UK Fishing byelaws and rules

Detailed below are the main byelaws of our waters for a full set copy this link and read the full document:

Environment Agency statutory rod fishing byelaws (rules) for England.


Rod fishing byelaws (rules) protect fish stocks. These regional byelaws apply to all waters in England, whether they are owned by angling clubs, local councils or private individuals. Owners may impose additional rules but the byelaws must still apply to their water. Anyone failing to comply with these byelaws could face prosecution and receive a fine of up to £50,000.

These fishing byelaws set out:

  • when you can fish (open and close seasons)

  • where you can fish

  • how you can fish

  • what fish you can take

Rod licences

You need a valid Environment Agency Rod Licence if you are aged 12 or over and fish for salmon, trout, freshwater fish, smelt or eel in England (except the River Tweed), Wales, and the Border Esk and its tributaries in Scotland.

A coarse fish, non-migratory trout and eel licence allows the holder to fish with two rods. A salmon and migratory (sea) trout licence allows one rod to be used to fish for these species.

An annual rod licence expires on 31 March each year. Short term (one and eight day) licences can also be purchased. Senior, disabled and junior concessionary licences are available.

It is an offence to fish for freshwater fish and eels without a valid rod licence and if you are caught and prosecuted you may be fined up to £2,500.

Rod licences allow you to fish with two rods another licence is required to fish with more, you need a second licence; and the maximum number of rods that can be used is four.  

Can I take the fish ?

On Tring waters and most others in the UK you CANNOT remove any freshwater coarse fish, they have to be returned to the same body of water they were caught from by the end of the session, if kept in a keepnet or after photographing. 

What baits, lures and weights are prohibited?

You must not use any form of lead weight attached to a fishing line other than those of 0.06 grams, or less (commonly called dust shot No. 8), or of more than 28.35 grams (heavier than 1 oz). ‘Lead weight’ does not include lead incorporated into a weighted line, swim-feeder or fishing fly or lure. These are regional byelaws.

You may not use crayfish of any species, whether alive or dead, (including any part of a crayfish) when fishing for salmon, trout, freshwater fish or eels in any waters. This is a national byelaw.

You may not take any fish for use as live bait unless the fish are retained at and used only in the water from which they were taken or you have already obtained the Environment Agency’s consent to introduce live bait at another water. This is a national byelaw.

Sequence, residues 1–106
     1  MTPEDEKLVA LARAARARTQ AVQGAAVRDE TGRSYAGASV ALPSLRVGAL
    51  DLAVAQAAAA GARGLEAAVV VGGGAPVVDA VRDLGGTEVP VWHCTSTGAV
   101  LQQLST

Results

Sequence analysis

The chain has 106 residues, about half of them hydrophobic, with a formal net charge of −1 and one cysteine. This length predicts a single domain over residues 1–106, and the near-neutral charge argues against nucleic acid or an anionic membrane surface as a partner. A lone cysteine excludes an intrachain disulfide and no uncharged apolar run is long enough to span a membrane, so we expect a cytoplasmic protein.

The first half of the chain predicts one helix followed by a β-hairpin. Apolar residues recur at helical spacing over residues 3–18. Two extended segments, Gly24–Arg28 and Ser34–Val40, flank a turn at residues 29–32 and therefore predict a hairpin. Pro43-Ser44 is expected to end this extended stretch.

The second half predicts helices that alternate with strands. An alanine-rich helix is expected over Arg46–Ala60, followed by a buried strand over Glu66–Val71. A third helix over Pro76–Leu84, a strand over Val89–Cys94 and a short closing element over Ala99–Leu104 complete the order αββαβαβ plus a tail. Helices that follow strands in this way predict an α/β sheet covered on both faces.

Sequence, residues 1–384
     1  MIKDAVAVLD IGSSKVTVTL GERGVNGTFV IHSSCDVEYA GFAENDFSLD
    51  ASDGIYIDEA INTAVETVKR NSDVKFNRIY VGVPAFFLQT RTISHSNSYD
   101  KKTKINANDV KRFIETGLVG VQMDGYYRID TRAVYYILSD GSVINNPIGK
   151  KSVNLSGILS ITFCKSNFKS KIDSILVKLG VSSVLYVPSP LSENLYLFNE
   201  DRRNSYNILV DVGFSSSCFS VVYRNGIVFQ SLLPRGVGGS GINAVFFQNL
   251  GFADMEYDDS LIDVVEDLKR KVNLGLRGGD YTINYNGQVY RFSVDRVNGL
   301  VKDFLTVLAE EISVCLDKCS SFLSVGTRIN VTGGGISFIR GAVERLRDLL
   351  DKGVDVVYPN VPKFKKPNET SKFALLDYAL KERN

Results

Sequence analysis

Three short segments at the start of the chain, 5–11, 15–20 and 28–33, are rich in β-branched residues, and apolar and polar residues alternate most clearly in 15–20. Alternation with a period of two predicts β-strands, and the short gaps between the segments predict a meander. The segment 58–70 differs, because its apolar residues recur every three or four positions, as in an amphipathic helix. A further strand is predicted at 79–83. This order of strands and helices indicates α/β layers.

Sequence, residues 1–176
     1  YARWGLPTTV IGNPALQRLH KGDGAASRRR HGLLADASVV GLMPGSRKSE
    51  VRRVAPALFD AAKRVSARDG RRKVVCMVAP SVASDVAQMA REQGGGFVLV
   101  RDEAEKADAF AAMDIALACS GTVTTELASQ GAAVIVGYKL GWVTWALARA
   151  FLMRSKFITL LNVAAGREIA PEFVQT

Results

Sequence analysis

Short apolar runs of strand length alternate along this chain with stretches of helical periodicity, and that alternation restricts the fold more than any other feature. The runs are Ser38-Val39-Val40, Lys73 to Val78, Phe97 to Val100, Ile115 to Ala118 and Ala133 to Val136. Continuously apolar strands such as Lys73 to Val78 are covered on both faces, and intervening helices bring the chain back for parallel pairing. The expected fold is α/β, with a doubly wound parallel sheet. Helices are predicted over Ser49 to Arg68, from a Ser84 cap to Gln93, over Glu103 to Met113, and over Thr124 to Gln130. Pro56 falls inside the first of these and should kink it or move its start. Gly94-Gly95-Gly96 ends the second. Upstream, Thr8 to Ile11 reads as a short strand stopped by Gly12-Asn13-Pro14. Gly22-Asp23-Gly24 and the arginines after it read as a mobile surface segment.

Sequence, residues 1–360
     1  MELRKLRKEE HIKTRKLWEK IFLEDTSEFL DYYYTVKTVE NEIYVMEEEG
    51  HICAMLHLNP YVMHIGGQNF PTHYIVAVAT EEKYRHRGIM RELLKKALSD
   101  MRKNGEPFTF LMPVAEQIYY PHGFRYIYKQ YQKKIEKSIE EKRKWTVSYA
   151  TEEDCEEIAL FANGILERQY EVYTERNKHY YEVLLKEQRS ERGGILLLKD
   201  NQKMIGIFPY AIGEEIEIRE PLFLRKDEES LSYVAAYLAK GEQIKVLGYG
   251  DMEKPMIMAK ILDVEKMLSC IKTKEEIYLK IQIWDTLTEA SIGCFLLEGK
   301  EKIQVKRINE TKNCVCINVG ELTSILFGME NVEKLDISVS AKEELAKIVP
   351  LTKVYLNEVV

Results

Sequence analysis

What times can I fish?

There is a closed season when you cannot fish RIVERS this is from March 15th through to and includes June 15th.  Note our pond at Ickford falls under this category.

Please read the club handbook and our waters page for times you can fish, this in normally dawn to dusk on most of ours water.

Can I use a landing net, keepnet, gaff or tailer?

You must not use a gaff or a tailer when fishing for salmon, trout, freshwater fish, smelt, lamprey or eel in any waters. This is from primary fisheries legislation.

You may use a landing net as an accessory to fishing with rod and line. If you do, it must not have knotted mesh or a mesh made from a metallic material.

You may use a keepnet to retain your catch, but it must not -

  • have a knotted mesh or a mesh made from a metallic material;
  • have any holes in the mesh larger than 25mm internal circumference;
  • be less than 2.0 metres in length;
  • have supporting rings or frames greater than 40cm apart (excluding the distance from the top frame to the first supporting ring or frame) or less than 120cm in circumference.

You may use a keepsack, but it must not -

  • be constructed of a material other than a soft, dark coloured, nonabrasive, water permeable fabric;
  • be less than 120cm by 90cm, if rectangular, or 150cm by 30cm by 40cm if used with a frame or designed with the intention that a frame be used.

You must not keep more than one fish in a single keepsack at any time.

Additional Thames Byelaws and apply to our stretches of the River Thame at Ickford and Shabbington!

In the Thames byelaw area you must not use more than three separate hooks attached to the same rod and line. You must not use any device intended to hook a fish automatically.

In the Thames byelaw area fish must be weighed as close as possible to the point of capture.

In the Thames byelaw area you must not fish with any form of gorge bait. A gorge bait is a piece of stick/bone hidden in the bait parallel to the line. When swallowed a tug on the line causes the gorge to turn sideways in the fish’s throat.